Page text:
McCloughan promised the interviewer at 104.3 The Fan in Denver, the interview these statements come from that Cousins has definitely done his homework on the various potential situations around the league and will be looking to put himself in the best situation for himself as a player, which I personally think takes the Jets out of the running because they have so many positions and roles to fill. McCloughan says, “personally, knowing him, it’s not about the money. It’s about the right fit, where he knows he has stability, he has good coaches, he has good players, and he has a chance to be successful.” No matter who Cousins signs with he will be a rich man, but he wants to go somewhere that he’ll have success too. Considering the Jets have had five offensive coordinators since 2011, they don’t even have stability, especially with the unexpected firing of John Morton. With Cousins’ desire to play in a situation where he can be successful in mind, teams like the Cardinals, Broncos, Vikings, and Bills make much more sense than New York and each of those teams either have the cap space or could make cap space to sign Cousins if they want him bad enough.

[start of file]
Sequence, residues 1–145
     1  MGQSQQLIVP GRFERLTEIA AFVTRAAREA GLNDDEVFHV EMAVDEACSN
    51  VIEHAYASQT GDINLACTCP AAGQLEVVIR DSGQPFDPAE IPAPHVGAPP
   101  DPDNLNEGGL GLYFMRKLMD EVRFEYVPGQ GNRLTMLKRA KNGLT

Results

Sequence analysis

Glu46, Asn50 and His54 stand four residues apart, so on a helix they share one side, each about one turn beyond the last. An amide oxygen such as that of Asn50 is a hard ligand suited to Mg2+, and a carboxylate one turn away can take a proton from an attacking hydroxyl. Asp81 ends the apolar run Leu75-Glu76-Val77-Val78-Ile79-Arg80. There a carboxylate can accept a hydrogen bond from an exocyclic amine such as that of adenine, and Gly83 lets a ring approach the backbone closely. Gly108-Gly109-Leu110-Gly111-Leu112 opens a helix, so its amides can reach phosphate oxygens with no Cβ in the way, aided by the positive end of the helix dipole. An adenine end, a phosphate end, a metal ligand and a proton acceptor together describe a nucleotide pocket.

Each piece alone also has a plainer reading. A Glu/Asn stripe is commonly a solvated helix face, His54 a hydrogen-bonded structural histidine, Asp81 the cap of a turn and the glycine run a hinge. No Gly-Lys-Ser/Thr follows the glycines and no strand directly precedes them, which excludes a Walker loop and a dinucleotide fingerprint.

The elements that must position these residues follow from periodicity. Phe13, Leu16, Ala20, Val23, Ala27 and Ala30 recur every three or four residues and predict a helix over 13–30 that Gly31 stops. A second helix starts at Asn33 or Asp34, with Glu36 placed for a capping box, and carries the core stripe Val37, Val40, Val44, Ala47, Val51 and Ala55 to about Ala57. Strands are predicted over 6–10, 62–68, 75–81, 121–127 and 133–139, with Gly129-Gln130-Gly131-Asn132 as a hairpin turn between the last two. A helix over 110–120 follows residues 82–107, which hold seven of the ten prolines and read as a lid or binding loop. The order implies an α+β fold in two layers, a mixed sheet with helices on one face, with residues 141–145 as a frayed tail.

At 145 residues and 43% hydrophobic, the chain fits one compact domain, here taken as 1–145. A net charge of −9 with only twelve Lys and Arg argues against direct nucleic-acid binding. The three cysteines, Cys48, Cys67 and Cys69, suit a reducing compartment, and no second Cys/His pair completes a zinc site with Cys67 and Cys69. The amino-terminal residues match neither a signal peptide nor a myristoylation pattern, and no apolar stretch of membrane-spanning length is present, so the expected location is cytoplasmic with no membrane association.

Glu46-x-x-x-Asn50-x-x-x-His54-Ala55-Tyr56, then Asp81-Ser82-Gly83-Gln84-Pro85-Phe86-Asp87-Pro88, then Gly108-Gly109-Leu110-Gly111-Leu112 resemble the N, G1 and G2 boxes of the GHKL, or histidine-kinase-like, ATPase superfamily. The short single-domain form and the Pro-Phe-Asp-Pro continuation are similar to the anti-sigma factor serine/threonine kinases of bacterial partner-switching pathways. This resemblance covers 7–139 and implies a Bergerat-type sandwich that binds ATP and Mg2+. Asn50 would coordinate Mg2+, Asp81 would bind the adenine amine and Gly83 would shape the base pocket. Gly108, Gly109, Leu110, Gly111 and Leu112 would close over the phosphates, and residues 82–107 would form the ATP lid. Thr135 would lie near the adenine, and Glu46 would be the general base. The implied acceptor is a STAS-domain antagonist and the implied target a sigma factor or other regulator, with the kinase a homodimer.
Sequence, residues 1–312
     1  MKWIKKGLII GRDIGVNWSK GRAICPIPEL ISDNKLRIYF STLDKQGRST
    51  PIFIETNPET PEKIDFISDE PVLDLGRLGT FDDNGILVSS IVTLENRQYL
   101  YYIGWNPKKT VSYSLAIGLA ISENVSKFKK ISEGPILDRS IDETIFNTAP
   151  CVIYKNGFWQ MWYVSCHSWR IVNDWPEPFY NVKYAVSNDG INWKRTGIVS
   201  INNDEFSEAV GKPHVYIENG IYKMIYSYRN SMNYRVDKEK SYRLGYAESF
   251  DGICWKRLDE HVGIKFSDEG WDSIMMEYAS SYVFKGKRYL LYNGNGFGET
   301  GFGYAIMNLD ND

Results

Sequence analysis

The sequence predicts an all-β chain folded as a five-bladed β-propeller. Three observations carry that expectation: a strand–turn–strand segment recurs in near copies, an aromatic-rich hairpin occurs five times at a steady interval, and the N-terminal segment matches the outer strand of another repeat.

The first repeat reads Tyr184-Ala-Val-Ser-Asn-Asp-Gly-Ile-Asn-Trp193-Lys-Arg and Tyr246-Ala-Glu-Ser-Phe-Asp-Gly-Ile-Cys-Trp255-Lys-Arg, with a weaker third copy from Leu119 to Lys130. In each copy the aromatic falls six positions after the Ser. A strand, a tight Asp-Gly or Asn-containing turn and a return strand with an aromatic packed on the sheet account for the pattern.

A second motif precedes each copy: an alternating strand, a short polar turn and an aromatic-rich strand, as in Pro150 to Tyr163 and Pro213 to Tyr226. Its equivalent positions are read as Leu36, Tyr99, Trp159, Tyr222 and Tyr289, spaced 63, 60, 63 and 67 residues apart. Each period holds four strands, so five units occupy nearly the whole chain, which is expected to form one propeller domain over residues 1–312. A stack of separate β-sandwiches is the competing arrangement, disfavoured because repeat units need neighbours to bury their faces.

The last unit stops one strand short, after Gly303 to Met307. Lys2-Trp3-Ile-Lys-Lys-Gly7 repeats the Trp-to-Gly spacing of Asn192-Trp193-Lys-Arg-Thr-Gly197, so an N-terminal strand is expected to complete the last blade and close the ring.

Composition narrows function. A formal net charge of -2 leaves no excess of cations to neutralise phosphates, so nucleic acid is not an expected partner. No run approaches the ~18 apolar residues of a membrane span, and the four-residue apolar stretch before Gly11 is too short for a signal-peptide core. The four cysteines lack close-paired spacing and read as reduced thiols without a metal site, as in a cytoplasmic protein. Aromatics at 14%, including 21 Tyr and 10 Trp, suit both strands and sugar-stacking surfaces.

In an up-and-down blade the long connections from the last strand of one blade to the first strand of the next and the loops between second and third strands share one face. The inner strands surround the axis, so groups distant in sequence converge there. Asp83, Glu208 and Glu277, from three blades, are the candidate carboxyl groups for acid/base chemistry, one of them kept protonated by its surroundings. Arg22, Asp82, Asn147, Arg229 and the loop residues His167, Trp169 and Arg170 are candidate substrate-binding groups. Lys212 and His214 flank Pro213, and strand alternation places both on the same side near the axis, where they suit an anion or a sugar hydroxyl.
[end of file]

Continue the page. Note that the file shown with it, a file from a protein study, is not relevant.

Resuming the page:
With Cousins likely out of the picture, we move toward one of the lower cost options I mentioned along with a first round pick at QB. The cap space should then be used to build up all these other positions of needs with the other draft picks then becoming supplemental pieces and players who eventually take over for the players taken in free agency. Going over the team needs we have basically every position except safety and defensive tackle are on the list of team needs.